Even with Derrick Rose, the Chicago Bulls were outmatched by the Indiana Pacers last week. Then again, no team has been Indiana's match this season.
Chicago may have an even tougher time becoming the first to knock off the Pacers - and prevent them from notching the longest win streak in their NBA history - if Rose doesn't return Saturday night at the United Center.
"It'll be a great test," said Bulls guard Kirk Hinrich, who would start his second straight game if Rose can't go. "They're playing as good as anybody in the league right now."
Indiana (9-0) remains the NBA's only unbeaten team, off to the best start by any franchise since Dallas in 2002-03. The nine-game win streak has matched the team record since joining the NBA, set in November 2002, and is two shy of the longest in Pacers history from their ABA days.
"We have something special here," center Roy Hibbert said. "... We don't wanna lose."
One of their most lopsided victories came against Chicago (4-3), a 97-80 thrashing on Nov. 6 that saw Rose and Luol Deng combine to shoot just 12 for 33 en route to 17 points apiece. Rose had four turnovers and only two assists.
Five nights later, Rose's troubles continued as he suffered a mild hamstring injury in a win over Cleveland. The 2011 MVP missed his first game of the season Friday, but Chicago still rolled to a 96-80 win in Toronto. The Bulls may have given Rose the night off against the sub-.500 Raptors knowing that 24 hours later they would be facing the NBA's best - and one of their biggest rivals.
While coach Tom Thibodeau denied that notion, Chicago has a much better track record against the Pacers with Rose than without him. Entering the season, the Bulls had won 12 of 16 against Indiana when Rose played, including the 2011 playoffs. Chicago lost three of its four meetings last season without him.
Coming into this meeting, however, Rose is averaging a career-worst 14.7 points on 33.3 percent shooting after missing last season with a torn ACL. Chicago had no trouble winning Friday with Hinrich filling in, as the veteran contributed 12 points and all five starters scored in double figures.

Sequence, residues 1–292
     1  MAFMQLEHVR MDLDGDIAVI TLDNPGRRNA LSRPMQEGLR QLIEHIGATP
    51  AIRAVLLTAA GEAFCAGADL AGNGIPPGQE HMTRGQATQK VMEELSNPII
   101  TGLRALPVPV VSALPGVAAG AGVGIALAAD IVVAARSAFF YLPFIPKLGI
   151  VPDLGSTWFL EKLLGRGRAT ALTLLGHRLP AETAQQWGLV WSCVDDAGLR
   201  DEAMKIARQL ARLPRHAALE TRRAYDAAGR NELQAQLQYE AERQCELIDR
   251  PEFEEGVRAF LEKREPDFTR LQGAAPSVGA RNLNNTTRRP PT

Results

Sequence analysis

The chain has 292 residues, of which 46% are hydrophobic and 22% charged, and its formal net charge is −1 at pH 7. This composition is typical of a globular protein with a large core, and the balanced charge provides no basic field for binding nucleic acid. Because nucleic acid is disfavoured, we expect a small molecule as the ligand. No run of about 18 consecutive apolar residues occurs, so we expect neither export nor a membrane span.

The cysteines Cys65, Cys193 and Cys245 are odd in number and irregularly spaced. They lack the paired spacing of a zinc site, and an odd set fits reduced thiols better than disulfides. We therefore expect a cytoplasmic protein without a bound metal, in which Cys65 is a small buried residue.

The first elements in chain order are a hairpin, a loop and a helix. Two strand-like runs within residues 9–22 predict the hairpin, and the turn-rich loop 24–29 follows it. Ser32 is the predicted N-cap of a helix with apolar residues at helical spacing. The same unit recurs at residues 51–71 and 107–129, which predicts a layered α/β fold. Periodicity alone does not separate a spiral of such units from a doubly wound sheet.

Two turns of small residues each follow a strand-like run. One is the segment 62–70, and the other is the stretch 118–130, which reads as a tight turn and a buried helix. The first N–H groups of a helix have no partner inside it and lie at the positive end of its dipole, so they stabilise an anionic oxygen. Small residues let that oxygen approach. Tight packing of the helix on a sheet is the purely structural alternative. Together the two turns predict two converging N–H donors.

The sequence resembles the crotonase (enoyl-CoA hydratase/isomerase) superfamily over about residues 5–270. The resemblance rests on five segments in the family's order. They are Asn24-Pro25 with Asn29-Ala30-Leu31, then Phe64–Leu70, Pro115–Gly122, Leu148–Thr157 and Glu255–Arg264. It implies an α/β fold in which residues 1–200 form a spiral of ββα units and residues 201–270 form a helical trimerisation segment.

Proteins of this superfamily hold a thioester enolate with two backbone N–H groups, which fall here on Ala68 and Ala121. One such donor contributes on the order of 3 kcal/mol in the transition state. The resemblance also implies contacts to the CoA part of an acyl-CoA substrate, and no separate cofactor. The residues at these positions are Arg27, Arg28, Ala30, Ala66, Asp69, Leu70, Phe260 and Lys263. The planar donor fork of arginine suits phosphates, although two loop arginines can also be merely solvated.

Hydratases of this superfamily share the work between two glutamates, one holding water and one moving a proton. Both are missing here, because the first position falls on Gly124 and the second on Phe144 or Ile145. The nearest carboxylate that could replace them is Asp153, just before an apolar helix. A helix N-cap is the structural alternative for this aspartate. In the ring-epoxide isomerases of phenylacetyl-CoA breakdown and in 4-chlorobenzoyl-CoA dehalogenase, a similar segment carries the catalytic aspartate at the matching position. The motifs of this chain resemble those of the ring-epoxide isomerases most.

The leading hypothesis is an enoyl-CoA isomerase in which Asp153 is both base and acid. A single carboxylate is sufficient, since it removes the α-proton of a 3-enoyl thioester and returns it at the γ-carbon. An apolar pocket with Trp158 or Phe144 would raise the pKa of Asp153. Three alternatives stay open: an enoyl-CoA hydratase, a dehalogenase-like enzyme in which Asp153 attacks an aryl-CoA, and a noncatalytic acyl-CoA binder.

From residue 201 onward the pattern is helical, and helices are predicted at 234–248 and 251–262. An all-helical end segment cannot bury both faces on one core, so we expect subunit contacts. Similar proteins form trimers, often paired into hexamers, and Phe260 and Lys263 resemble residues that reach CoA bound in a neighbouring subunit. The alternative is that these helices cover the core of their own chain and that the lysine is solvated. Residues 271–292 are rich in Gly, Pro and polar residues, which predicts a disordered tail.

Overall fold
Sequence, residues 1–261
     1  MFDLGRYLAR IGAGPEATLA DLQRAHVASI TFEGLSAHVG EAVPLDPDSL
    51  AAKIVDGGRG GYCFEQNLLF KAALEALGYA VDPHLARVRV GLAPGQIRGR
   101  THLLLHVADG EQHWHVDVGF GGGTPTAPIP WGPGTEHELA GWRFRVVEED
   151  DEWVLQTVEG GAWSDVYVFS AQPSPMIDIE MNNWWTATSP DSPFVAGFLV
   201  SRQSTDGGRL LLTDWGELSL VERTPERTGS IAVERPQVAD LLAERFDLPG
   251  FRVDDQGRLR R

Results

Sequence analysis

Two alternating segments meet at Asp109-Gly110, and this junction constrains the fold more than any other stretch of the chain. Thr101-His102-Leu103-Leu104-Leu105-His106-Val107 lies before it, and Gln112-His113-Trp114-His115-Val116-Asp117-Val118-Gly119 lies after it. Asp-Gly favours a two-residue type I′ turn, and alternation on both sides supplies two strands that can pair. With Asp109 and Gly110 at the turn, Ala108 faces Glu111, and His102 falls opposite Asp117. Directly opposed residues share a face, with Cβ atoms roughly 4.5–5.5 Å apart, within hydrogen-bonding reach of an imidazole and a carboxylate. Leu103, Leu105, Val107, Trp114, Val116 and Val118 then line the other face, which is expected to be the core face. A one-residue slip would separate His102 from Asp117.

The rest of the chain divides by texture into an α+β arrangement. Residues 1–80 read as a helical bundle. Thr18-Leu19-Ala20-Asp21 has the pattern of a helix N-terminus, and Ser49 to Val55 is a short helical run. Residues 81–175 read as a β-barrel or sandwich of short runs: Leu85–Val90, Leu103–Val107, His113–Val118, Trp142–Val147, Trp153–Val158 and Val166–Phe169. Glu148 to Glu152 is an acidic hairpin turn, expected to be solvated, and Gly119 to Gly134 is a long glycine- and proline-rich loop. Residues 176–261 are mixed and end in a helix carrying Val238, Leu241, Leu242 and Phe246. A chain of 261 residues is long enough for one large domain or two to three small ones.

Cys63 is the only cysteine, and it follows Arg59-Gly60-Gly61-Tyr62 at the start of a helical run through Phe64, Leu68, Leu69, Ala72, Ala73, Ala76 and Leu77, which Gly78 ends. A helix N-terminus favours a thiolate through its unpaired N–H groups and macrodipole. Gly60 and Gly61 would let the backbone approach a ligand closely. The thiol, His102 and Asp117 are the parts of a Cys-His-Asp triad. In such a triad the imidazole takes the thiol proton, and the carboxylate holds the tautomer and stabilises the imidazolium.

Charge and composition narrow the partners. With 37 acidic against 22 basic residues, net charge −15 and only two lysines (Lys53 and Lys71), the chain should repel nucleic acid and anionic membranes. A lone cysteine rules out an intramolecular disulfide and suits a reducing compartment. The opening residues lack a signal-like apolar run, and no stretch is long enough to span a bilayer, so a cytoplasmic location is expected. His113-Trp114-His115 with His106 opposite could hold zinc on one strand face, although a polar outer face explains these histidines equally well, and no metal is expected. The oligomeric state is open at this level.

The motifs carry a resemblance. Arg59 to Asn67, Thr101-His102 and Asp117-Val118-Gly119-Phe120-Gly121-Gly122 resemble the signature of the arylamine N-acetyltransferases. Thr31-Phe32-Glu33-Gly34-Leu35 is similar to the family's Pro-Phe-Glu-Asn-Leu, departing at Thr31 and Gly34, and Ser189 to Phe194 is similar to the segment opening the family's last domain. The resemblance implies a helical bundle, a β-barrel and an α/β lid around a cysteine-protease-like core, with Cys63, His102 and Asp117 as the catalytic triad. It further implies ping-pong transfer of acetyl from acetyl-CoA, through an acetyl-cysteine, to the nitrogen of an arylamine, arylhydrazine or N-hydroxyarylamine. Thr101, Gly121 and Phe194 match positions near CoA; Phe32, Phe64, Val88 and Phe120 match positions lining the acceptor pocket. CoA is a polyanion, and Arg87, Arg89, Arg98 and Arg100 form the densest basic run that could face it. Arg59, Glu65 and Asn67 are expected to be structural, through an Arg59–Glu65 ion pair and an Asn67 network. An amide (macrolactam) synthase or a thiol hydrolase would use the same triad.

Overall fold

"I thought Kirk did a great job of running the team, had a very balanced scoring attack," Thibodeau said. "With Derrick out, we know we have to play a certain way, and we need everybody."
While the Bulls led by double digits through the final three quarters Friday, the Pacers haven't trailed after the first quarter in their last two games while holding both Memphis and Milwaukee below 80 points.
"We can't feel too good about ourselves, we know how good Indiana is," Thibodeau said. "We're going to have to play tough."
Hibbert leads a Pacers defense which has yet to allow more than 91 points. The 7-foot-2 center blocked a season-high eight shots Friday in a 104-77 win over the Bucks - Hibbert leads the NBA with 4.8 blocks per game - and also had a season-best 24 points with 10 rebounds.
"Some guys on this team before were just trying to get a paycheck and go home and then chilling on the beach and sip mojitos or something like that," Hibbert said. "That's not us."
Hibbert, along with David West, helped hold Chicago's Carlos Boozer to six points on 3-of-10 shooting last week. Boozer has averaged 19.6 points and 60.8 percent shooting in his other six games.
Paul George has keyed the Pacers' success in the past five matchups, averaging 21.8 points and 9.4 rebounds. He tied a season low with 21 points against the Bulls but remains the offensive catalyst for an Indiana team which already has a four-game lead over Chicago in the Central Division.
"We're on a mission," Pacers coach Frank Vogel said, "and we're trying to put ourselves in best possible position come playoff time."